Thursday, 15 August 2019

Testing, testing...

It's that time of year again, the day when local newspaper photographers everywhere try to get photos like this...

or this...

or even this...

So predictable.

So is the coverage of their print or broadcast colleagues who usually try some way of devaluing the results, criticising teachers, claiming it was all much harder last year (or when they took the exam) and so on. And on. Yawn.

What never seems to be discussed (at least, not often) is this.

Why do we persist with this cockamamy system of applying for a place at university before (not after) results come out?

In what other walk of life would you be asked to apply for something that required a certain level of accreditation before securing it? Oh yes, I know you need to be a qualified in medicine to apply for a job as a surgeon, but I'm working on it. I watch Holby City every day!

Perhaps self-styled 'mental heavyweight' advisor Dominic Cummings and his self-styled 'intelligent' political master Michael Gove could have turned their combined brain to this when running education, rather than changing GCSE grades A-G to grades 1-9 (yes, they couldn't even count!) and other such footling fiddling at the margins of the problem.

But no. Everyone wants to spend the day arguing about grade inflation and unconditional offers (surely a big hint that the current system isn't working) rather than tackle the problem, or tackle those who for years, while in charge, failed to tackle the problem.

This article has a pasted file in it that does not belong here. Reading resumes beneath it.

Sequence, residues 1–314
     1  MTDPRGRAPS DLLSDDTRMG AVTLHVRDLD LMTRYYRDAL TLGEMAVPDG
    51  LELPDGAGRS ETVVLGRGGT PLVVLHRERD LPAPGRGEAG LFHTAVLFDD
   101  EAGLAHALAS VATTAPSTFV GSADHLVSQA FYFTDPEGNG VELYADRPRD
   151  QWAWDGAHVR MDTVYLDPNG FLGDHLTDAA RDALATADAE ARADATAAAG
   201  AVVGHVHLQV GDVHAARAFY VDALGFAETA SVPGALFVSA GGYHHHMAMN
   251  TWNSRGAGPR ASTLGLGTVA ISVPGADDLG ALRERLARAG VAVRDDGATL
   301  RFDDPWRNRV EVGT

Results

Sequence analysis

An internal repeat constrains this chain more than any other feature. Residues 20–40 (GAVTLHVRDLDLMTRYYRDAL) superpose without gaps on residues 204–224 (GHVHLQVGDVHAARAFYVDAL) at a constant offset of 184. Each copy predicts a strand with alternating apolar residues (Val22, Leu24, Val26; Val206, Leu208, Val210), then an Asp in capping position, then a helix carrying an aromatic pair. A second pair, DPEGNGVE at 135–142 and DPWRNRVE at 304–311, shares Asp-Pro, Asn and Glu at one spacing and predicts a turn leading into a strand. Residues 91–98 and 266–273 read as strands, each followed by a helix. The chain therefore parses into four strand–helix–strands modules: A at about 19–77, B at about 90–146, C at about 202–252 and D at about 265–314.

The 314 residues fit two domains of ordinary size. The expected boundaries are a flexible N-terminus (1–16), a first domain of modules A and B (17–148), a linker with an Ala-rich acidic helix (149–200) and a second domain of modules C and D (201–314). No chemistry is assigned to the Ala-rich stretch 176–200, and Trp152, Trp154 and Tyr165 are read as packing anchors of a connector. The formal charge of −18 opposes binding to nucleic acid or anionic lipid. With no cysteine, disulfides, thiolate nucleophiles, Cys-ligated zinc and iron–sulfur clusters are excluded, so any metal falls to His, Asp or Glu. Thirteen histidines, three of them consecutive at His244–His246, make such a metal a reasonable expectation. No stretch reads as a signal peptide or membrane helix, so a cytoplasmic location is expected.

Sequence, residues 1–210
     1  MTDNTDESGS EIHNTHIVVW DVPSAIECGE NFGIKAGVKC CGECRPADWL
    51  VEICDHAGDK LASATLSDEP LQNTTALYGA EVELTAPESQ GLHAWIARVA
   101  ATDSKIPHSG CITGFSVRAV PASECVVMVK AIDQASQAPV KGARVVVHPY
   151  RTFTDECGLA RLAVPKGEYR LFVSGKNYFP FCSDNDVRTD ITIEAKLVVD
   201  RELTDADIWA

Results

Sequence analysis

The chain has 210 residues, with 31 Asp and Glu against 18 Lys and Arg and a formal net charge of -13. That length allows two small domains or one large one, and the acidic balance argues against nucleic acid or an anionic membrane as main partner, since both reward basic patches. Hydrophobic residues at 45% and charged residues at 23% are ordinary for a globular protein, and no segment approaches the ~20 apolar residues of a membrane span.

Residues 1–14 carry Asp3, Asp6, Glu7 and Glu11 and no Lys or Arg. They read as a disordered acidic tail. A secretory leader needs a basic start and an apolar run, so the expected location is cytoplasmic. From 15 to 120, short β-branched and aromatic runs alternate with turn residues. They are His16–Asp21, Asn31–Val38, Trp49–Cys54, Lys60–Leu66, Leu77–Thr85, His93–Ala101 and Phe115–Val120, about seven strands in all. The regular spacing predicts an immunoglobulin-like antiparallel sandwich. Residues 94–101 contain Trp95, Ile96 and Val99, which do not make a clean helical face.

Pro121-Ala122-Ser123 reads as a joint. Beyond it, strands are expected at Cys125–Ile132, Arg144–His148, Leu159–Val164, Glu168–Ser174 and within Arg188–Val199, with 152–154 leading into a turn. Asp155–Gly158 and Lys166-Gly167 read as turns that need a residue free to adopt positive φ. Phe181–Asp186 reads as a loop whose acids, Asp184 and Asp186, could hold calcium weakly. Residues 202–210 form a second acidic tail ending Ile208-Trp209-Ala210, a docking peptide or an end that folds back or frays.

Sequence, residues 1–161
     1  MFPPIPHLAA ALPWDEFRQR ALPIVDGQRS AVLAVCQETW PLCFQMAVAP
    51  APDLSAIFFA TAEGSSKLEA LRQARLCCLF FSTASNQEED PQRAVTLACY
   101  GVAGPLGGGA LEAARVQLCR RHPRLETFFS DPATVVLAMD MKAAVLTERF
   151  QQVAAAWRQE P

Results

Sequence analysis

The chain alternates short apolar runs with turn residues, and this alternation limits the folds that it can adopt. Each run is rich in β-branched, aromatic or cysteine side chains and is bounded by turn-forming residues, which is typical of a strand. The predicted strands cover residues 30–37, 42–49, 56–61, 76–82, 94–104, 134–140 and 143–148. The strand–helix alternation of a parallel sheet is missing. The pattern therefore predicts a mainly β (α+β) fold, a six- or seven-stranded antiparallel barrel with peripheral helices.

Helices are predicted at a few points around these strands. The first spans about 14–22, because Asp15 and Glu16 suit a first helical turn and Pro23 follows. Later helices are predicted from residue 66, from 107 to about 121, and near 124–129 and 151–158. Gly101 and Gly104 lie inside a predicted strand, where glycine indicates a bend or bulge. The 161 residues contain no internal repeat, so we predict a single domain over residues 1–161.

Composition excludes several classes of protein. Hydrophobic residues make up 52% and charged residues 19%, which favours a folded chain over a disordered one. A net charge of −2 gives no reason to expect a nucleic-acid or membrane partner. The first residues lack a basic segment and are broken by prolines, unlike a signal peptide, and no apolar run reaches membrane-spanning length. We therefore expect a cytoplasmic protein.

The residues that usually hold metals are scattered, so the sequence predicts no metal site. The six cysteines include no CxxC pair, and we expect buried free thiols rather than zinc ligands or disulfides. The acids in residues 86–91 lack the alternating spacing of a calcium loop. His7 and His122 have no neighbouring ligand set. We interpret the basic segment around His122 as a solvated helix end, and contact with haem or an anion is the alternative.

There has at last been some discussion on the subject as we approached this year's exam results day. But the headlines this morning were, predictably enough, all about grade boundaries and getting offers without even needing any grades, and what that might have done to grades, and how university admissions departments might be punished for daring to want some control over the process.

But my bet it'll be a long, long time (if ever) before someone has the courage (and intelligence) to tackle such an issue.

Bit like the drugs problem. But then, like education, that's something they all think they know something about. Because, of course, they all went to school.

And they've all taken drugs.

At least, Michael Gove has.

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